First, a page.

Don was an old, fat, perpetually annoyed man with huge Civil War-era muttonchops and a belly that hung out of his button-down shirt. He ran the open studio hours in the wood shop several days a week and did a lot of maintenance in the room though not teaching any classes and not being paid for any of his work (as he oft pointed out). It greatly annoyed him that our teacher wanted us to use the equipment without proper training, that she hadn’t cleared this ahead of time with the staff, that he would have to be responsible for our safety, that he didn’t know the teacher well enough to know her skill level, and so on. It was nerve-wracking to be in his presence and it was nerve-wracking to use the table saw (and chop saw) not just for the first time but also under his scornful, disapproving supervision.

This fall I took the beginner’s woodworking class. Don was typically in the classroom when it started and did not appear to have cheered up from the spring. It annoyed him how hectic the class always was, how many projects the students could choose from, how some students did not come into open hours to work, how students used machines without really understanding them (and thus creating a mess for him to clean up or a machine to fix).

Most recently I took a class in Arts & Craft furniture. Again Don was in the classroom for a bit at the beginning and was still generally annoyed with internal politics at the art center, people not treating the wood shop tools with respect, people relying on him to teach them when he was just supposed to monitor the studio and ensure safety. Near the end of my 7 week course I started using more of the open studio hours, and having a flexible office I could come in Wednesday and Thursday afternoons when Don was present. The interesting thing about Don was that he disliked being asked how to do something but would gladly offer advice if he saw you doing something wrong, which was often in my case. I’d struggle at a task for awhile, Don would hobble over and very explicitly tell me what I was doing wrong, but also instruct me in the proper way (usually with a caveat of “I don’t know what your plan is” or “this is one way you could do it”). He grumbled when I asked him to change the table saw to a dado blade (but then walked me through the whole process of cutting the notches I needed) and remarked that most people wouldn’t notice the bumps where the piece should be smooth (but that he could still feel the imperfections). He helped me cut curves on the band saw, set a shoulder plane to the exact length in order to clean up a tenon, and lent a second pair of hands when gluing together my project.

Near the end of his open studio hours last Wednesday, another student in the shop got into a discussion with Don about the studio hours, upcoming classes and so on. I stayed around to listen in and after the other student left, Don asked if I planned on coming back in the spring. My plan was to take beginning and advanced joinery, which is mainly a hand-tools class focusing on fundamentals, before taking the intermediate woodworking course (the continuation of what I took in the fall). He vocally approved of this plan – a first in our interactions. I think he appreciated that I wanted to learn the basics before moving on to the intermediate class – in his ideal world, every student spends hundreds of hours practicing basic chiseling, cutting, and joining before ever moving on to building something. We began talking about other classes being offered, what he thought of the courses and the teachers. He showed me a small toolbox he was building and we talked about the value in building something small and simple but that is uniquely yours, and that you can learn new lessons and apply them to version two and three and four. We talked about the value in knowing when to spend money on tools and when ‘good enough’ will do. He said that if I took the joinery class and was interested, we could go over the list of recommended tools at some point and he could give me advice on what brands or models to look for so I could put together a decent, quality, lasting set. He said he was happy about my plan. I think it was the first time I saw him smile.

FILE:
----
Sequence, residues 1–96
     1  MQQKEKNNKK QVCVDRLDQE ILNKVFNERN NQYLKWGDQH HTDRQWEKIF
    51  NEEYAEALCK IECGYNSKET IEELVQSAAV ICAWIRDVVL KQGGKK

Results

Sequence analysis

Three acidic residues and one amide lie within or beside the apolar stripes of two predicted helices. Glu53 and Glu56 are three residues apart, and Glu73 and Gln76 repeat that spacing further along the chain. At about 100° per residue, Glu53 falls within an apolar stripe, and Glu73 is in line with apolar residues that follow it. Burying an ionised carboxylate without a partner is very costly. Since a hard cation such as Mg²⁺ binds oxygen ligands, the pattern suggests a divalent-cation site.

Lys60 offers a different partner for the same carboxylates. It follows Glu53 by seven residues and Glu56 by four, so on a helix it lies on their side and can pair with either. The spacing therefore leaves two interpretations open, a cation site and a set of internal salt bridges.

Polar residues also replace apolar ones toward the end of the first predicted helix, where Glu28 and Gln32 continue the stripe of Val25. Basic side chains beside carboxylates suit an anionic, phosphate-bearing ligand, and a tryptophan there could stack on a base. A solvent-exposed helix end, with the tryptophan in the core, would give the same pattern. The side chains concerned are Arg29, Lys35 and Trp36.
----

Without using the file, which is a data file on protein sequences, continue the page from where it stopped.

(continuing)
I knew I wouldn’t make it to the open studio on Sunday and had to leave my project clamped in the woodshop while it was gluing (my last class was last week), so he said I could stop by and pick it up in the afternoon sometime this week as he’d be in there working or fixing things or reorganizing or building new shelves and holders and whatever else he did in there. I had planned on going in today. Instead, this afternoon I got an email from the wood studio that Don had suddenly passed away. I stopped by the art center in the afternoon and had the front desk attendent unlock the wood studio so I could pick up my project. The woodshop, usually alive and loud and busy, was dark and quiet.


I started biking to work this week (I did not ride today) and this story has me thinking. The fastest and easiest way for me to get to work is along the Monon, and for the record I do plan on continuing this (though I guess I now have to worry about more than being run over by impatient Carmel drivers). I see this as an isolated incident, which in a city of this size you will have from time to time, and I still see the Monon as a fairly safe route (certainly safer than the East side of Indianapolis). Also, in the event I am robbed at gunpoint*, I will gladly give up what I have on me – it’s really not worth getting shot over.